Even though many experts have warned that oil prices substantially higher than $50 would cause US producers to ramp up production, thus contributing to the global glut and potentially compelling participants in the Organization of the Petroleum Exporting Countries' (OPEC) cutback agreement to reverse course, the United Arab Emirates says $50 "isn't going to cut it" for producers in the Arab countries.
Notably, there was a "moment of drama" at the forum when, during his keynote speech, Iraqi oil minister Jabbar al-Luaibi criticized the decisions to not allow Iraq to abstain from the production cut and to base Iraqi production figures on secondary sources rather than on self-reported ones, wrote Helima Croft, head of commodity strategy at RBC Capital Markets, who was one of the speakers at the event, in a note.
Oil prices are firming today, with the USA price up 1.3% to a recent $52.95 per barrel, and the global Brent benchmark up 1.6% to $55.98.
The ministry has set a daily average production target of 970,094 barrels.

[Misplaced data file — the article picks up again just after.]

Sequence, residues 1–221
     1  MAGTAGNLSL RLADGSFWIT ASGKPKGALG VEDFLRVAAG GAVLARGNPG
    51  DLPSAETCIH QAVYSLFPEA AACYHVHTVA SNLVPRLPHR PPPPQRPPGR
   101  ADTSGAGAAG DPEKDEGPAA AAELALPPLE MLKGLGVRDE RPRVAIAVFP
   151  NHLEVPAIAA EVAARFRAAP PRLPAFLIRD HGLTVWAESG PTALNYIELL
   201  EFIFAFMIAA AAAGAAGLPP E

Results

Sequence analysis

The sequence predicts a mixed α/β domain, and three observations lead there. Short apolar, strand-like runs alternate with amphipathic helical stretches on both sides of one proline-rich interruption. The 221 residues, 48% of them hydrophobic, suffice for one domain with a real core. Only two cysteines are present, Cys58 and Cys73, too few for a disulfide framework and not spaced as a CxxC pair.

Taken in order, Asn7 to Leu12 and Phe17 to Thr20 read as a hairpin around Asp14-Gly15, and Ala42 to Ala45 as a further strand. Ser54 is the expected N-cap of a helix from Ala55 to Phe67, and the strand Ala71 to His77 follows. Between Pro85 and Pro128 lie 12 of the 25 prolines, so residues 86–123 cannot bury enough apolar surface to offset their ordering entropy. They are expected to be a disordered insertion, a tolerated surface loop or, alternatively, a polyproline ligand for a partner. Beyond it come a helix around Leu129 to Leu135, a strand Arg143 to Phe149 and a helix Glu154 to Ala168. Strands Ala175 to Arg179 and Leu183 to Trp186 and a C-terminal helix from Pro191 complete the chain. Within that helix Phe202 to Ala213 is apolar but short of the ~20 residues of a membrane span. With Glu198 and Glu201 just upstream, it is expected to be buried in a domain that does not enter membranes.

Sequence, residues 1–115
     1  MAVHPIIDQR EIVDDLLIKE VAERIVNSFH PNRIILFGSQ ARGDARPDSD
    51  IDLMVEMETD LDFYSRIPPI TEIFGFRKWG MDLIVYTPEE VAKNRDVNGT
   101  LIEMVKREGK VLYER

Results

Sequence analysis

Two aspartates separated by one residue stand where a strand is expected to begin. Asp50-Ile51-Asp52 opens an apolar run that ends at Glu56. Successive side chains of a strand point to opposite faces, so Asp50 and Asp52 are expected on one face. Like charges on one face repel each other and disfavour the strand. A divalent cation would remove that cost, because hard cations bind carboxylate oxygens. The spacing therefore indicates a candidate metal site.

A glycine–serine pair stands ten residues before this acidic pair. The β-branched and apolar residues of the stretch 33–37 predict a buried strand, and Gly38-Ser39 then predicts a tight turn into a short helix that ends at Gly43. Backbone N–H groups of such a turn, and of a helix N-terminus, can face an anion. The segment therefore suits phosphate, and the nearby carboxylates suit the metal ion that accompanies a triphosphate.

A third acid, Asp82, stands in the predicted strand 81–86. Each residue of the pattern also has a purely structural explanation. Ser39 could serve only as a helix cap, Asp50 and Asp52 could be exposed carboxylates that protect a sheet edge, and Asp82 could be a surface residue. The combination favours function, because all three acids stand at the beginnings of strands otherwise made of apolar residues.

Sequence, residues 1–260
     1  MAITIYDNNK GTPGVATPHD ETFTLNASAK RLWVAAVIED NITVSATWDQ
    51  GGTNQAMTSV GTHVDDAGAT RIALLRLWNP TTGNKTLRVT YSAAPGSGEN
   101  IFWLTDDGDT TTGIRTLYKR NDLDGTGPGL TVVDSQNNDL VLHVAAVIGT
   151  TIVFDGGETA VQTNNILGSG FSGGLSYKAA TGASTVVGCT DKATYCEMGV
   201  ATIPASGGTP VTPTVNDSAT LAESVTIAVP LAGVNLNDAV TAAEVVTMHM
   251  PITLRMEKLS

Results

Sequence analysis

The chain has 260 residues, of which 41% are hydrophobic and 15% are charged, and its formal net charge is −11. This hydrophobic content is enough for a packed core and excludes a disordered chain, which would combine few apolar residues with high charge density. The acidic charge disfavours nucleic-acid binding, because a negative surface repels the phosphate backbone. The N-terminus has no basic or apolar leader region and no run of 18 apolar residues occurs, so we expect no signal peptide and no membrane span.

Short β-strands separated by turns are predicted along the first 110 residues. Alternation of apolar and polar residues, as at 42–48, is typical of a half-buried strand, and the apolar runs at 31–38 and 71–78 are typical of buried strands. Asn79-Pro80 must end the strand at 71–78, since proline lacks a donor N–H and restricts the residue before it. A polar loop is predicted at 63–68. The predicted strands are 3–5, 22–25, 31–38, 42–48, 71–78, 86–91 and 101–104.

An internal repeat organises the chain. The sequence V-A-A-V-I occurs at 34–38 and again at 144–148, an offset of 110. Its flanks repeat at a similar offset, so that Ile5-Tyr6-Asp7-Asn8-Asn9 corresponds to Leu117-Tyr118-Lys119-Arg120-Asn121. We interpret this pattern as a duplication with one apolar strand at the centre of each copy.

A radically divergent opinion of market trajectory - but one as equally familiar as that of Blanch's, at least to those acquainted with Middle East rhetoric - was offered Thursday by Khalid al-Falih, energy minister for Saudi Arabia; he told delegates to the Abu Dhabi energy conference that the world may run short of oil by 2020. "Despite his forceful statement, we think Iraq's ability to fully commit will still remain subject to significant skepticism going forward". The United States Oil Fund (USO) was up 1.4% in recent trading, though it's still down as much year to date.
Additionally, several major non-OPEC producers including Russia, Mexico, and Kazakhstan also agreed to cut their production soon after.